Thursday, March 22, 2007

Sketching at night by the Thames

St Pauls and the Silver Birches - a study
pencil in Moleskine
copyright Katherine Tyrrell

Have you ever tried drawing at night? I've done it a couple of times recently when down at Bankside as there are great views (and lights) and, of course, the shapes and values all change from the daytime.

The interesting thing about sketching at night is that you can't see much detail whereas the big shapes are so much more obvious. It's becomes more a question of how to crop big shapes than trying to find something with interesting design potential within the context of a very busy skyline with lots of detail.

The only drawback at this time of year is it's so cold! I want to know where I can buy a pair of trousers with a thick thermal layer in the bottom bit so anything I sit down on doesn't feel quite so cold! As it is although my top half was snug my rear gets frozen in about 10 minutes flat so my strategy is to sketch very fast - absolutely no more than 10 minutes and ideally only five.

So on to my recent sketches:

The study of St. Paul's Cathedral eliminates all the detail that one tends to get distracted by at day and renders the buildings round about into a very submissive role. No doubt about which is the biggest most imposing building round here!

The study for St Paul's and the Silver Birches (above) was done sat on one of the benches outside Tate Modern. There's a great view at night of the Cathedral masked by the avenue of silver birches which are planted either side of the paths up to the Tate from the Thames Path next to the river. The birches are underlit - stonking great big lights coming up through the planting so the light effects are stunning (if a bit OTT 'designed'). The only thing I had to do was ignore the great big enormous fat column for the big overhead lights which had been plonked down exactly where it shouldn't be for that view. Some people have no sense of aesthetics! ;)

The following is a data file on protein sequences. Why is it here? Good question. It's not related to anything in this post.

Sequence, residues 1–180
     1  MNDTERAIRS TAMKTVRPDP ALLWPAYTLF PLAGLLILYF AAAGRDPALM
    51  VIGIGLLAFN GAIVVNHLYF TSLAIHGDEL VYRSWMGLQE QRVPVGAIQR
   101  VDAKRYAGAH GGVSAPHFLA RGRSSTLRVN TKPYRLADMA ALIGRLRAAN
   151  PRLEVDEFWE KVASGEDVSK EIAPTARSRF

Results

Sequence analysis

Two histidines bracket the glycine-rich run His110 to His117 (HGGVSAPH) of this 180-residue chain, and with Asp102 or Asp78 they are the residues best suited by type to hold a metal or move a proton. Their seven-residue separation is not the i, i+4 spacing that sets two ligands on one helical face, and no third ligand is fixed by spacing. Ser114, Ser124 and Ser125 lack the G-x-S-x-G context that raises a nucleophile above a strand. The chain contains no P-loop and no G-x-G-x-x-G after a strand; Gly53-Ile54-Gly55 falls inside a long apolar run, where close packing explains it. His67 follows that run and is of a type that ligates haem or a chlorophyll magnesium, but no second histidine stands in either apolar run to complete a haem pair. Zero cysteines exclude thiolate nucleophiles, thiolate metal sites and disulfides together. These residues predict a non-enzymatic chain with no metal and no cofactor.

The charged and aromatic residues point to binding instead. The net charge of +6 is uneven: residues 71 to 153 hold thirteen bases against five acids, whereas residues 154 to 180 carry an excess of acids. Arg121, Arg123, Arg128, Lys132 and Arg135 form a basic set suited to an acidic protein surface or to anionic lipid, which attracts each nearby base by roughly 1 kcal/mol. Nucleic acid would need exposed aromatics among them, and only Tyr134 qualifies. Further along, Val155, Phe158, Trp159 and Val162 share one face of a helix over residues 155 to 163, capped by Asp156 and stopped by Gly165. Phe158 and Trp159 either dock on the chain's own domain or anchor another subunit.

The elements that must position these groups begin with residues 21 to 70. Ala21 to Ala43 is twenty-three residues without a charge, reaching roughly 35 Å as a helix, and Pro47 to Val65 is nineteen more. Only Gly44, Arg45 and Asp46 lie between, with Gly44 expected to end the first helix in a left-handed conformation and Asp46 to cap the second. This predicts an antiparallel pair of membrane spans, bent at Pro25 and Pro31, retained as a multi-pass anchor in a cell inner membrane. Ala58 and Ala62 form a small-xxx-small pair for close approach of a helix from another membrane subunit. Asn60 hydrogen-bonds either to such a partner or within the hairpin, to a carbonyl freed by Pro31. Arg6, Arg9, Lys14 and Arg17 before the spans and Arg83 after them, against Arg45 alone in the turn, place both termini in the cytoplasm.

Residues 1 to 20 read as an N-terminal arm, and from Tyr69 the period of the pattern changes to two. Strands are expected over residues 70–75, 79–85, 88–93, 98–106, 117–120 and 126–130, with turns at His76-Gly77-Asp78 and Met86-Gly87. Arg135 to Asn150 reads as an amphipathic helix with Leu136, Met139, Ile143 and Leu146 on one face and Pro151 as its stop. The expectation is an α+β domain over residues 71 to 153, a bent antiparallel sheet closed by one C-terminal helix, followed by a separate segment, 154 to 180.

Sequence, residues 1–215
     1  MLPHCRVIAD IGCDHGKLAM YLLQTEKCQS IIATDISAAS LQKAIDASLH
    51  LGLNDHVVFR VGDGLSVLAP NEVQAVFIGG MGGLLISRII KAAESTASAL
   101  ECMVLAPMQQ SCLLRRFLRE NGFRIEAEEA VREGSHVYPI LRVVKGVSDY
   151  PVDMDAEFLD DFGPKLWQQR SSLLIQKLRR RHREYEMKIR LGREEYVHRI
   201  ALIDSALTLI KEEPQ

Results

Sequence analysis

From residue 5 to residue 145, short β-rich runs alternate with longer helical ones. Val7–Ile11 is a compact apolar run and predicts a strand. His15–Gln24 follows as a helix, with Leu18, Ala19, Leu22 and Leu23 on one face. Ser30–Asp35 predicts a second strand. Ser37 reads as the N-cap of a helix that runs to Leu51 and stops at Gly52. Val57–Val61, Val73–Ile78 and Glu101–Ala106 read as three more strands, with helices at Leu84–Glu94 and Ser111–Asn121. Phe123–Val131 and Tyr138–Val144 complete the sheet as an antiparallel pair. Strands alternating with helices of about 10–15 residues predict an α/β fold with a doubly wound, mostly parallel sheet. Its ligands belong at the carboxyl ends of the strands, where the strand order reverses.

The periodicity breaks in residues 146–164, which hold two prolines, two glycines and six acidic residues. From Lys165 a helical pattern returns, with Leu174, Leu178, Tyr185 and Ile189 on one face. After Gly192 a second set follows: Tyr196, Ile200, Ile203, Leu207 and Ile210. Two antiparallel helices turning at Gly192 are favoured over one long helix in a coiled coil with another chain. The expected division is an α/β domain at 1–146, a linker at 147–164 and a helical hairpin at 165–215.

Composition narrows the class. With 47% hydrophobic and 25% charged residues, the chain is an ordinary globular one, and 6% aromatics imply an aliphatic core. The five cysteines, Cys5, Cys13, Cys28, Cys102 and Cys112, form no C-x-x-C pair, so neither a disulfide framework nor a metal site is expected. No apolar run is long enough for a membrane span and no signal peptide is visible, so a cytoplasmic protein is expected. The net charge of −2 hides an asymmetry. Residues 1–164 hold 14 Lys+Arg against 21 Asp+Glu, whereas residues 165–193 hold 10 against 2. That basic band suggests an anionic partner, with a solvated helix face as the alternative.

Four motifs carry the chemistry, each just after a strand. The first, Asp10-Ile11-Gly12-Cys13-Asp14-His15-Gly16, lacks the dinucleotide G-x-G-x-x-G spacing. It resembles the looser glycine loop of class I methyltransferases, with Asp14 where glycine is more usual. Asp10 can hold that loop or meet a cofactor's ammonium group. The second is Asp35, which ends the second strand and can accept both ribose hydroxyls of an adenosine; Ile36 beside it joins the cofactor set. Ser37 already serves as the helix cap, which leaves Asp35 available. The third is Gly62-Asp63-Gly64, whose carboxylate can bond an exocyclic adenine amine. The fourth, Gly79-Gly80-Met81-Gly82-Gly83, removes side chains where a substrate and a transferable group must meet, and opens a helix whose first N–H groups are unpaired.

The Bridges is a curious and very quick sketch. I got a big surprise while sat at the top of a flight of (very, very cold) stone steps next to the reinstated Globe Theatre (thank you Sam Wanamaker). I need to go back when it's warmer and with a camera to try a longer sketch and to also capture an effect which made this view quite magical.

I'd been particularly attracted to the pattern made by the bridges and the foreshore againt the night sky. A boat came past and its bow created massive waves - and all the shadows in the water suddenly started to become very crazy and very graphic and completely mesmerising. I know what I saw but couldn't capture it. I need to be able sit there for longer than 10 minutes at low water at night and wait to get more than one boat coming past so I can study the effect and maybe try and get photos of it - although in my experience these rarely do justice to such effects.

I googled to see if I could find some examples of other people's drawings of night and had no luck. What I got instead was lots of night class drawings, drawings by insomniacs, lottery drawings at night and references to something Nathanial Hawthorne wrote! Obviously not a lot of people draw the nightime at night!

Anybody with any idea of any websites which have good images of drawings done of night at night please post them in the comments section!

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  1. Never tried sketching at night...something else to add to my "things to do" list! These are very atmospheric.

  2. Katherine, these are wonderful. You've made me redouble my intention to do some night drawings/paintings. Your sweeping lines are so graceful and carry such energy.


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